We’ve all got a little Dolly in us.
Willowdean Dickson (Danielle Macdonald) is always living in the shadow of her mother, former beauty-pageant queen Rosie (Jennifer Aniston). It’s why she’s always had low self-esteem and it’s what’s always led her to not wanting to be apart of the local pageant – the same one that her mother judges and holds enough power over. But Willowdean doesn’t care whether or not her mom approves, or anyone else for that matter, because she’s going to participate in the pageant no matter what and prove that big girls do rule the world and all it takes is a little love and soul from Dolly Parton to save the day.
Or at least that’s what I think is going on here?
There’s no denying that Dumplin’ is a sweet movie that means well. It has a heartfelt message about always being true to one’s-self; about how it doesn’t matter what’s on the outside, because it’s the inside that counts; about how mothers and daughters can come together over their love for looking their very best; and lastly, about being yourself, presenting the best you, no matter what. These sound cheesy and that’s because, they are; Dumplin’ isn’t the kind of movie that, despite early-promise, is going to break down barriers and change the world.
If anything, it’s going to make you smile a little bit and charm you, but once again, that’s about it. Which is, yes, fine, but also a little disappointing considering that Dumplin’ is also the movie that, early on, flirts with the idea of being revolutionary and speaking out against the beauty-pageants that pit women against one another, in hopes that one will come out on top and be considered “the best-looking and most overall perfect individual”. It’s a soulless competition no doubt, but Dumplin’ seems to take the stance that, well, it’s okay, as long as you have the stomach for it?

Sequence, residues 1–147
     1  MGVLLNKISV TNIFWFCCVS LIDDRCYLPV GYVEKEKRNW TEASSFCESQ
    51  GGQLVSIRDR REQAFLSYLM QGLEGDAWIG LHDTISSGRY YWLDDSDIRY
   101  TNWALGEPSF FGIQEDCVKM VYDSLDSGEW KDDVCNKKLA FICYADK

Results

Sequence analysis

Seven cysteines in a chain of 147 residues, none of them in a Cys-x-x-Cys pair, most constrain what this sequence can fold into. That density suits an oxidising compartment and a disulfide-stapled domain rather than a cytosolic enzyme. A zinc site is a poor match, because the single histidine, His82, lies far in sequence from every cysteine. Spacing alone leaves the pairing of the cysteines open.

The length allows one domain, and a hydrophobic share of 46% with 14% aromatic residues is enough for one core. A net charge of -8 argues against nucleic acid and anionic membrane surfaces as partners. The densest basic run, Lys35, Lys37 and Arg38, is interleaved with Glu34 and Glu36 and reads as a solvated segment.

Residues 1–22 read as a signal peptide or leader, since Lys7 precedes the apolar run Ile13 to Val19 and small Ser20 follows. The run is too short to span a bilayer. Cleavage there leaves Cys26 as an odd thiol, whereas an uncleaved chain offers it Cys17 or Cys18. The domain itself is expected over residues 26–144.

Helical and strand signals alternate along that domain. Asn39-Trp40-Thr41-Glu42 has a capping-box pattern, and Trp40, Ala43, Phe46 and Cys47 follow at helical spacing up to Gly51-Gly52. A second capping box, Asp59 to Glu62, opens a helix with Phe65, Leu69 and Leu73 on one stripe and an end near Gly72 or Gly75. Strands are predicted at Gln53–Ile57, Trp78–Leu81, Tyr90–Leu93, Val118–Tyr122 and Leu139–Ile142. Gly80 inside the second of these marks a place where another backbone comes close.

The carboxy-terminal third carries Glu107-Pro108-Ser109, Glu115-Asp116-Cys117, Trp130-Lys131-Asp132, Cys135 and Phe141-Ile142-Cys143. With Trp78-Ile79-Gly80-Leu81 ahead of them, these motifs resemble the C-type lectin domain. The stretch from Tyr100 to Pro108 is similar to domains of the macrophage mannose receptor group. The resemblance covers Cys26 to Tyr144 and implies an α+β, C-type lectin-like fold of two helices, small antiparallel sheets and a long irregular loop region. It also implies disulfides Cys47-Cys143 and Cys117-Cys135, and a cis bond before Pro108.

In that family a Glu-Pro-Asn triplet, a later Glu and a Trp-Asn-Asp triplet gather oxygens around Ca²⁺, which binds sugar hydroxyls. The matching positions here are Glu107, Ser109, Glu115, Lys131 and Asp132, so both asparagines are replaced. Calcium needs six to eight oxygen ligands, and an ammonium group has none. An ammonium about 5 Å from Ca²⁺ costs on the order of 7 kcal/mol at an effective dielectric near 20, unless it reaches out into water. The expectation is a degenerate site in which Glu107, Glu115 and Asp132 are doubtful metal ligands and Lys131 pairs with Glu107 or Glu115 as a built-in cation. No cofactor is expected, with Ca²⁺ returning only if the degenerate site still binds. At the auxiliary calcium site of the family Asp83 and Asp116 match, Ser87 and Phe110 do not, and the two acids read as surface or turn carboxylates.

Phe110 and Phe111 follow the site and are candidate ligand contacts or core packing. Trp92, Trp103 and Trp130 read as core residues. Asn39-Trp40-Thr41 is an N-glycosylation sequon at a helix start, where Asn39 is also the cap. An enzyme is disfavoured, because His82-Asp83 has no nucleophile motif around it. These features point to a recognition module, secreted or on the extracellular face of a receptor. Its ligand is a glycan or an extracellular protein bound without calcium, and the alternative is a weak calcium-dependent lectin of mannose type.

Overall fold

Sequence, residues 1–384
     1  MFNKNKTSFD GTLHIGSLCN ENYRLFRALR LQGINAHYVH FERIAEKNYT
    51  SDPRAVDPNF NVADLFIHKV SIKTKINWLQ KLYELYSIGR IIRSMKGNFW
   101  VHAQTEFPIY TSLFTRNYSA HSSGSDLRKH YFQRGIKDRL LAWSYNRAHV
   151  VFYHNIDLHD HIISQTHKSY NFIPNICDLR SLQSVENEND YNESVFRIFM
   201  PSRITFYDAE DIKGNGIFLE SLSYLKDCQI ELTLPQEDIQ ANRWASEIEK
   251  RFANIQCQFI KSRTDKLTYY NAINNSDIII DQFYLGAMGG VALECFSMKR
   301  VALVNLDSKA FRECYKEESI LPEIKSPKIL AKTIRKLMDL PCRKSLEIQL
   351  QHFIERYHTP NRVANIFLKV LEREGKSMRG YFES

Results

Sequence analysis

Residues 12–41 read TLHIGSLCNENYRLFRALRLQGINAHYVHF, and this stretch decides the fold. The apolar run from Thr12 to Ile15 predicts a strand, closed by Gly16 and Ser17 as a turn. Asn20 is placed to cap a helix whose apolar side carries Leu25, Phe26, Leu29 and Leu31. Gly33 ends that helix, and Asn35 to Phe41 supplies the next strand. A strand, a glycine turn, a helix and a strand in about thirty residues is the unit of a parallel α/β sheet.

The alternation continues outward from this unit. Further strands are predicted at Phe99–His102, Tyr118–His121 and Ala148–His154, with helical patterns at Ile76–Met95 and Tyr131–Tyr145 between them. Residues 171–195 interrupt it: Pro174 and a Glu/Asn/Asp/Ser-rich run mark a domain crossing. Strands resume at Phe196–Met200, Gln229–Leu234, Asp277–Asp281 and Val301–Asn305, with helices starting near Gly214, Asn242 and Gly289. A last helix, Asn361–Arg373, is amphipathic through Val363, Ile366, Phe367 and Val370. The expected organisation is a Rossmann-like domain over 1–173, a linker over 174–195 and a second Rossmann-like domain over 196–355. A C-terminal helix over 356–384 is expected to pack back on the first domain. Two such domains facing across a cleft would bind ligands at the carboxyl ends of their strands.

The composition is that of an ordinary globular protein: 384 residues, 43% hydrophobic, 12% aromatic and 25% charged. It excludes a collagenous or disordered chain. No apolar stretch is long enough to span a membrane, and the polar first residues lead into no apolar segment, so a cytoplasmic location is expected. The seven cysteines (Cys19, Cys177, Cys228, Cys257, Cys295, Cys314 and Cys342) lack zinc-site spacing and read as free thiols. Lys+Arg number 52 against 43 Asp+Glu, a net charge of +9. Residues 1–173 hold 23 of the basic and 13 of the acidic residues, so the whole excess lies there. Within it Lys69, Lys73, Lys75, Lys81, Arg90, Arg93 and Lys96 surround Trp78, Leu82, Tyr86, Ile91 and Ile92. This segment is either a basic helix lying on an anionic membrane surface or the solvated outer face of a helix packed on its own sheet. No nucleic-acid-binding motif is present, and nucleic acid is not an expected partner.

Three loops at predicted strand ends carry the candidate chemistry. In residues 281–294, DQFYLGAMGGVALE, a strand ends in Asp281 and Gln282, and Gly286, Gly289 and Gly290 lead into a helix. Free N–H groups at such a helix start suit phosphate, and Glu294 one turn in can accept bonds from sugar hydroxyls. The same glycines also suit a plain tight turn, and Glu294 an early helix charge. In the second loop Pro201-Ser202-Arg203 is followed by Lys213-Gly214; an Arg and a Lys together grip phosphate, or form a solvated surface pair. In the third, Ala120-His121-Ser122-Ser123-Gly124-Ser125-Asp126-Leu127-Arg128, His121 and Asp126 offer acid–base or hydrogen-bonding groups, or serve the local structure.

I didn’t mean that literally, by the way.
Director Anne Fletcher seems to be dealing with some light material anyway, so it’s very hard to fault her for just following the motions and giving us a very cookie-cutter, formulaic film that’s a lot like every other coming-of-ager Netflix has produced this year. The only small differences is that it benefits from two very solid performances from Danielle Macdonald and Jennifer Aniston, both of whom look absolutely nothing like daughter and mother, which is kind of the point. Macdonald has slowly been getting more and more impressive with each and every “rebellious, bad-ass teen” role that she takes, whereas Aniston, in a much smaller role, is a perfect fit as an older-woman trying to hold onto her former glory and pride, in any way that she can.
Together, the two have a sweet relationship that’s the heart and backbone of this sometimes weak movie. They remind you that no matter how different you may be, you can always come together by realizing that we’re all beautiful on the inside, no matter what a competition may or may not tell you. Once again, very cheesy, sappy, corny, and bordering on Hallmark-level material, but hey, it’s got some charm, so shut up and enjoy, dammit!
Consensus: For a movie all about knocking down walls, challenging the system, and taking on the hierarchy, Dumplin’ sure is conventional and run-of-the-mill, even despite the small charms of its cast and crew.
5.5 / 10
Photos Courtesy of: Netflix